LONGMIRE “Pilot.” A&E, 03 Jun 2012. Robert Taylor (Sheriff Walt Longmire), Katee Sackhoff (Victoria ‘Vic’ Moretti), Lou Diamond Phillips (Henry Standing Bear), Bailey Chase, Cassidy Freeman, Adam Bartley, Louanne Stephens. Screenplay by   Hunt Baldwin and John Coveny,  based on the characters created by Craig Johnson. Nominated for an Edgar by the Mystery Writers of America. Director: Christopher Chulack. Currently streaming on Netflix (all six seasons).

   It’s taken me a while, but I’ve finally gotten around to this long running series, based on the even longer running series of books by Craig Johnson (seventeen so far, and counting). I’ve read only one of books, perhaps luckily so, as I had no preconceptions or hopes to be dashed, or vice versa.

   This, the pilot to the series, does a very good job of introducing the primary players and the ongoing plot line, both of this one and things to come. Walt Longmire is the long-time sheriff of Absaroka County, Wyoming. A large chunk of the country is a Cheyenne reservation, an area over which Longmire has no jurisdiction. Sometime in the recent past his wife has died, and since then his staff of three deputies has been covering for him while he recovers from the loss. One of them, though, a fellow named Branch Connally, thinks Walt is over the hill and is running in the next election against him.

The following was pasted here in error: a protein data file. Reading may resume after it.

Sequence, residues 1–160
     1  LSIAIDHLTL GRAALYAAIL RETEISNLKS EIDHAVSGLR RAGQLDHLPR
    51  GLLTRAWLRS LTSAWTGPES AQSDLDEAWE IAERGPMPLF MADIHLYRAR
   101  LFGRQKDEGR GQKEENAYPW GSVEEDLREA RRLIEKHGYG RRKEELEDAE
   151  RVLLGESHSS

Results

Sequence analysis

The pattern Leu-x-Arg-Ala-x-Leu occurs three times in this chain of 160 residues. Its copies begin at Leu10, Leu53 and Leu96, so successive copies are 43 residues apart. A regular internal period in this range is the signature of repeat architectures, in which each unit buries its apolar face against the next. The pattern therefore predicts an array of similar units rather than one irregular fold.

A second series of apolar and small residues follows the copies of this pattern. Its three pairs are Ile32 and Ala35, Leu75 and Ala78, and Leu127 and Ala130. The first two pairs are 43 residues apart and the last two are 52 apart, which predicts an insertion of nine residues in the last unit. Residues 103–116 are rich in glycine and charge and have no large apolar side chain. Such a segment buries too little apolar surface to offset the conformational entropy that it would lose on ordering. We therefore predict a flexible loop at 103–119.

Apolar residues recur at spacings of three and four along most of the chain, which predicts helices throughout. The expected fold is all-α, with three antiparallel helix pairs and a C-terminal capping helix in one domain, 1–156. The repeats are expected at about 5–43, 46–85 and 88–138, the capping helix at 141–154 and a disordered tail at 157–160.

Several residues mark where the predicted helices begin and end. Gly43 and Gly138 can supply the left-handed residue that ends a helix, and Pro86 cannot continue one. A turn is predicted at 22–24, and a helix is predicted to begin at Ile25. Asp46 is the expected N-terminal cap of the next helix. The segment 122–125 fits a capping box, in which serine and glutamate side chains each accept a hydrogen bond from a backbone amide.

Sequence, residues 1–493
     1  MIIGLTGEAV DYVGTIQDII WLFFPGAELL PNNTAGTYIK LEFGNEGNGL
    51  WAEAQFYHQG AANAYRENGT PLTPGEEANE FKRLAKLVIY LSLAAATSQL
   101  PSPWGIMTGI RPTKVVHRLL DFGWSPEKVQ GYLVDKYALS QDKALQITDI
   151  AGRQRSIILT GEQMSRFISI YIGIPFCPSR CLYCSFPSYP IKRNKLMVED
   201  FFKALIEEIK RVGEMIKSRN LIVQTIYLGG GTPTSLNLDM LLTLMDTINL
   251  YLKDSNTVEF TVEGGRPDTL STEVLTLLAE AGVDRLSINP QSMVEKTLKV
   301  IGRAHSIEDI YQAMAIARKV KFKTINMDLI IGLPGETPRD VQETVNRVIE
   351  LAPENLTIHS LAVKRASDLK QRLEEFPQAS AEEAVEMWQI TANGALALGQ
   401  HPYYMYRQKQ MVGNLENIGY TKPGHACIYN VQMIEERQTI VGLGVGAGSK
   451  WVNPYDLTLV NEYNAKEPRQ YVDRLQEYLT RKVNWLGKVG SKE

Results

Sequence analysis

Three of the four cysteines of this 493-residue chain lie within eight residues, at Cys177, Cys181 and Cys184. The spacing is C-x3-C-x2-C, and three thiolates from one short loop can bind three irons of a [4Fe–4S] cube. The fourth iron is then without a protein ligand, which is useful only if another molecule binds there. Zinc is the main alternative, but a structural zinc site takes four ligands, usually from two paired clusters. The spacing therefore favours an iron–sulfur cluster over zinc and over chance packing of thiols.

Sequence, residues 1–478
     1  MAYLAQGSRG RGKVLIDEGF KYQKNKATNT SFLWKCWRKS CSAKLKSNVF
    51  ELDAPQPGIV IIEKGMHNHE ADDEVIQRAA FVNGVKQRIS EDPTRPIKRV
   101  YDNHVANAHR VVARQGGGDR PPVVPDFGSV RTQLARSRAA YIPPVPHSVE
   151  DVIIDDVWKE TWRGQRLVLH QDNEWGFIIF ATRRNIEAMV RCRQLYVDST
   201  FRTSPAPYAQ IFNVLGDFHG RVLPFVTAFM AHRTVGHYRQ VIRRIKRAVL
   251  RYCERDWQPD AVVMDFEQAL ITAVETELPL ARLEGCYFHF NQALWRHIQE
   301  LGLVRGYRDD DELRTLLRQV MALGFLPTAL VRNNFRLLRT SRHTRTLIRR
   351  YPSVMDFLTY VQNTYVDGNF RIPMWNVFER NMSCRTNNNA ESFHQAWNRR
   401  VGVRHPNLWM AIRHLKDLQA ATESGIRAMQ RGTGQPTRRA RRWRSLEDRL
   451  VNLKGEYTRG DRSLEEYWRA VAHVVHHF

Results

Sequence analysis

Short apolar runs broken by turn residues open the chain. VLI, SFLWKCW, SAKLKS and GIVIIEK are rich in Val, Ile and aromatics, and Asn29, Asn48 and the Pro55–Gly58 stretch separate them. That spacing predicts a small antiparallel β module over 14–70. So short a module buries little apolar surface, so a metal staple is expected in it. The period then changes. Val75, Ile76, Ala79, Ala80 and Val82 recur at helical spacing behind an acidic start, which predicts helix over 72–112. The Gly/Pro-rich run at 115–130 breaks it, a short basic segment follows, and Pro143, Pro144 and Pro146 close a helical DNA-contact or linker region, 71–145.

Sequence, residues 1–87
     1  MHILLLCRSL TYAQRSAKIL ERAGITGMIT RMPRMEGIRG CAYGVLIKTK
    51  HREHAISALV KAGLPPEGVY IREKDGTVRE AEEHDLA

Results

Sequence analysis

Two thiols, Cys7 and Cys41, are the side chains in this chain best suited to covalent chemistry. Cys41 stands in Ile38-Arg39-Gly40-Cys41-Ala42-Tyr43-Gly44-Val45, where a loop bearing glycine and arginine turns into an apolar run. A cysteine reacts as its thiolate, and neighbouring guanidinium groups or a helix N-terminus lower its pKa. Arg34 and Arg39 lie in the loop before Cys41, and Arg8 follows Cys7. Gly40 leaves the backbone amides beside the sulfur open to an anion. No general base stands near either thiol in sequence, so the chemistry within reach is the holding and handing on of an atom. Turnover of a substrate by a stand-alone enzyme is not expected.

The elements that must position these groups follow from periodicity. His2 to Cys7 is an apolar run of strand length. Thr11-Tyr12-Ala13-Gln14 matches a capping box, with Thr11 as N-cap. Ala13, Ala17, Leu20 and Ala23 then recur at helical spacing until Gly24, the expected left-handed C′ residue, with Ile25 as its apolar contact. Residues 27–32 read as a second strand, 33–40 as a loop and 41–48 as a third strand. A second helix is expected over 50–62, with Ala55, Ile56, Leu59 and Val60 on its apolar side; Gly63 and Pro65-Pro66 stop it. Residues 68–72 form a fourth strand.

The characters are well drawn, no surprise there, since they are (more or less) based on the books. You will have to tell me more about the “more or less.”  As I said above, the story is little more than ordinary, mostly because it has to take second place to identifying the characters, who they are and so on. It involves a man shot to death in the snow, a stranger with no obvious reason for being there. In fact his wife, back in Colorado, thinks he is somewhere else altogether. Some conflict with the tribal police eventually ensues, foreshadowing, I suspect, similar situations in further story lines.

   I don’t know the actor who plays Longmire, Robert Taylor, but he plays the part he’s asked to play perfectly. He’s craggy, terse if not out-and-out taciturn, rough, crude, and, as when telling the man’s widow the bad news, also quite eloquent. The series depends on him, obviously so, and a six-year run suggests he repeats the crackerjack job he does in the pilot all the way through.